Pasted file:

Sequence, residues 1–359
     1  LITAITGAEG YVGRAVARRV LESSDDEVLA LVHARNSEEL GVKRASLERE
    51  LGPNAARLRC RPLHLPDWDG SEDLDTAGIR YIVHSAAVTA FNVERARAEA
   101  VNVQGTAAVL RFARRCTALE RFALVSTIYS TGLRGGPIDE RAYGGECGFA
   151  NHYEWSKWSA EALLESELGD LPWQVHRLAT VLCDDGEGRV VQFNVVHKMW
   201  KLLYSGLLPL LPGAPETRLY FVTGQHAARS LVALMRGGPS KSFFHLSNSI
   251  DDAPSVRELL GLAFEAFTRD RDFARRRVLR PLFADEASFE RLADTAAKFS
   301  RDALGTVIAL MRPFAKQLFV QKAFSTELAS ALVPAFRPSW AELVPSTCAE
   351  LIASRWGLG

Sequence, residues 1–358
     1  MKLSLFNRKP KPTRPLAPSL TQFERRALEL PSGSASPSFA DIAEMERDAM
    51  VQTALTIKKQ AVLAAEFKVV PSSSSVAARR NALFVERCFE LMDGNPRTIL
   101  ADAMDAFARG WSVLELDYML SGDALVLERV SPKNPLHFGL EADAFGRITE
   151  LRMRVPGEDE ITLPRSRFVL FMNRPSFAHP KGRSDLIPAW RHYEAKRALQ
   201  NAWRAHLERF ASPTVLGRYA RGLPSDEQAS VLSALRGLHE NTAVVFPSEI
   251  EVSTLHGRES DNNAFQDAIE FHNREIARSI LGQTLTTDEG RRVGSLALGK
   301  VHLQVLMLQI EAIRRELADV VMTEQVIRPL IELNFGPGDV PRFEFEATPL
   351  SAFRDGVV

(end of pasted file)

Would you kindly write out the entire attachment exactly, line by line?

Sequence, residues 1–359
     1  LITAITGAEG YVGRAVARRV LESSDDEVLA LVHARNSEEL GVKRASLERE
    51  LGPNAARLRC RPLHLPDWDG SEDLDTAGIR YIVHSAAVTA FNVERARAEA
   101  VNVQGTAAVL RFARRCTALE RFALVSTIYS TGLRGGPIDE RAYGGECGFA
   151  NHYEWSKWSA EALLESELGD LPWQVHRLAT VLCDDGEGRV VQFNVVHKMW
   201  KLLYSGLLPL LPGAPETRLY FVTGQHAARS LVALMRGGPS KSFFHLSNSI
   251  DDAPSVRELL GLAFEAFTRD RDFARRRVLR PLFADEASFE RLADTAAKFS
   301  RDALGTVIAL MRPFAKQLFV QKAFSTELAS ALVPAFRPSW AELVPSTCAE
   351  LIASRWGLG

Sequence, residues 1–358
     1  MKLSLFNRKP KPTRPLAPSL TQFERRALEL PSGSASPSFA DIAEMERDAM
    51  VQTALTIKKQ AVLAAEFKVV PSSSSVAARR NALFVERCFE LMDGNPRTIL
   101  ADAMDAFARG WSVLELDYML SGDALVLERV SPKNPLHFGL EADAFGRITE
   151  LRMRVPGEDE ITLPRSRFVL FMNRPSFAHP KGRSDLIPAW RHYEAKRALQ
   201  NAWRAHLERF ASPTVLGRYA RGLPSDEQAS VLSALRGLHE NTAVVFPSEI
   251  EVSTLHGRES DNNAFQDAIE FHNREIARSI LGQTLTTDEG RRVGSLALGK
   301  VHLQVLMLQI EAIRRELADV VMTEQVIRPL IELNFGPGDV PRFEFEATPL
   351  SAFRDGVV